If you're on Mastodon, or anywhere else in the Fediverse, check us out at @email@example.com!
Bill Buddington, Electronic Frontier Foundation (eff.org)
This detailed overview starts with the basics:
- Private messages aren't end-to-end encrypted, so admins and moderators can read them. If you need secure messaging, use something like Signal insead.
- Mastodon's open-soure code is mostly written by volunteers, there isn't a dedicated security team, and some forks have had (and fixed) embarrassing vulnerabilities. Expect more bugs as the code base gets more attention.
- Two-factor authentication can help keep your account secure. Turn it on.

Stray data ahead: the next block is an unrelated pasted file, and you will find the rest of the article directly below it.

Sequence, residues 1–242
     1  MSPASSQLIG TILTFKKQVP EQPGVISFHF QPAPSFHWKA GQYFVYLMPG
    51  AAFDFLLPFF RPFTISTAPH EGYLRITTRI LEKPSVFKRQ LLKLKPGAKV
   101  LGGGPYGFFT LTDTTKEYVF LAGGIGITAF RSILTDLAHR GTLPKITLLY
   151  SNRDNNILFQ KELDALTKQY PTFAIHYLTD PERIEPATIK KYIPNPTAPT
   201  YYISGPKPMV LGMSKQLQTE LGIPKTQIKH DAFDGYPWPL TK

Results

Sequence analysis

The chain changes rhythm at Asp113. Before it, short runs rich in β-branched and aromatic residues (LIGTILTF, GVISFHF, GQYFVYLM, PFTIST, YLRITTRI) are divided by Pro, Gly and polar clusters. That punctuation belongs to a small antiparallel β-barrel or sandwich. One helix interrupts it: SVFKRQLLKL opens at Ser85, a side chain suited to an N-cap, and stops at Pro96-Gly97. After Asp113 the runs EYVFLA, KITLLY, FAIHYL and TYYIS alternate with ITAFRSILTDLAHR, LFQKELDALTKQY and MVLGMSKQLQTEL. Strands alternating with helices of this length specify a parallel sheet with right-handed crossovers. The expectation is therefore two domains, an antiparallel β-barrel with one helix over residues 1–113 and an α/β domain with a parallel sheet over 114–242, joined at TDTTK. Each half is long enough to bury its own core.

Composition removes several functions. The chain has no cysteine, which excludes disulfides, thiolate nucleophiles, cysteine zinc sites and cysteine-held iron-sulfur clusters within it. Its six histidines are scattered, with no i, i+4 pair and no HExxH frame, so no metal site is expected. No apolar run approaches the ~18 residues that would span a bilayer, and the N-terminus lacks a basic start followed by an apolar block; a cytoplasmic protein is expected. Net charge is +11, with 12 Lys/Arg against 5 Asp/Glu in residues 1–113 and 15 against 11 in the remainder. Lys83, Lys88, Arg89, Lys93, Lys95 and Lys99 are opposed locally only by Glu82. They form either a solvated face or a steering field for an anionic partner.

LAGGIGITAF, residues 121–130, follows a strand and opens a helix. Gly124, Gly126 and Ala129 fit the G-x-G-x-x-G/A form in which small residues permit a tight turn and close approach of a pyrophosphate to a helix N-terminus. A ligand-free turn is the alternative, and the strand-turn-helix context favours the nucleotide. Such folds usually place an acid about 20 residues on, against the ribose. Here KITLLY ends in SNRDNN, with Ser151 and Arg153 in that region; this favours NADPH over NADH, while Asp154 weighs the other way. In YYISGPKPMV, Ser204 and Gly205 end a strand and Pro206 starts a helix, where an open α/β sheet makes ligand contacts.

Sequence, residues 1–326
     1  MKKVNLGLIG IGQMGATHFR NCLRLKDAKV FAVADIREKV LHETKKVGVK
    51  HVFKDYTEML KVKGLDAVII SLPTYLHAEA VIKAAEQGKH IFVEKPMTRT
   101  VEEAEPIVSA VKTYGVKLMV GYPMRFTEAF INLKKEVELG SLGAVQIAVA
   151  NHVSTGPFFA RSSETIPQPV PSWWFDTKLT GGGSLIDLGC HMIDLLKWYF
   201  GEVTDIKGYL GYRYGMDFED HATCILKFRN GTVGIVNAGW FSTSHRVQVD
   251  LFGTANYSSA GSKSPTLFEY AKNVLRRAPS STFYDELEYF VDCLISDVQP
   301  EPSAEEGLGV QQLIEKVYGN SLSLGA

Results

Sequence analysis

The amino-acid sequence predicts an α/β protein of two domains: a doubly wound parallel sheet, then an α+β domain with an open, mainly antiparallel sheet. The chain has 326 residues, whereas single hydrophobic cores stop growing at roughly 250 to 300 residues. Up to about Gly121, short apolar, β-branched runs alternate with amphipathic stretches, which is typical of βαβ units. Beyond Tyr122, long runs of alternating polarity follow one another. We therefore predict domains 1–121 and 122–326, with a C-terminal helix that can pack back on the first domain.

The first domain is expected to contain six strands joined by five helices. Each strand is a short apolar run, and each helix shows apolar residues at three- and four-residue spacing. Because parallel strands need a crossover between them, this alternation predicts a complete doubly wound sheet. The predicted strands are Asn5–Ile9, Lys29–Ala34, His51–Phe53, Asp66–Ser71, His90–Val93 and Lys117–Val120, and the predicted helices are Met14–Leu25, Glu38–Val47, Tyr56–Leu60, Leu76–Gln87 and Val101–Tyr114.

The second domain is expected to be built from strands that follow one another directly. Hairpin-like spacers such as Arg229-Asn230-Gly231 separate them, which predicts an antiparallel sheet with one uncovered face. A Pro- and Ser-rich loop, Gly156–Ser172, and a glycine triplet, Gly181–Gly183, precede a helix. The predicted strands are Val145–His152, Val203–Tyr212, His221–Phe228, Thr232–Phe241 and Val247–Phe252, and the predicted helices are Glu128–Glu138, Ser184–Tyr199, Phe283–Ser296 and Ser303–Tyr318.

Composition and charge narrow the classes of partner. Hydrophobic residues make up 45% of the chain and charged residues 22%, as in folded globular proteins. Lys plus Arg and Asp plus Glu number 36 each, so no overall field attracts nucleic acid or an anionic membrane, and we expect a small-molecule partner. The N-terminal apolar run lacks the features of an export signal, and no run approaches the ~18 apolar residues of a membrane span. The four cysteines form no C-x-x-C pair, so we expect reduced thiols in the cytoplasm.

Buddington also discusses the privacy implications of defederation and the absence of full-text search, as well as muting and blocking and challenge of dealing with abusive behavior in a federated environment.
One topic I wish had been discussed: the privacy and security implications of mainline Mastodon's refusal to support "local-only posts", which have been available in forks like glitch-soc and Hometown since 2017. This functionality is important for privacy and reducing to exposure to abuse, but relatively few servers make it available. It will be interesting to see whether lead developer Eugen Rochko, Mastodon's BDFL (Benevolent Dictator for Life), starts to prioritize privacy and anti-abuse enhancements. Even if that doesn't happen, though, forks and different compatible implementations of the ActivityPub protoco still provide a path forward.
on WIRED (wired.com)
New research found pervasive use of tracking tech on substance-abuse-focused health care websites, potentially endangering users in a post-Roe world.
Michal Luria on Tech Policy Press (techpolicy.press)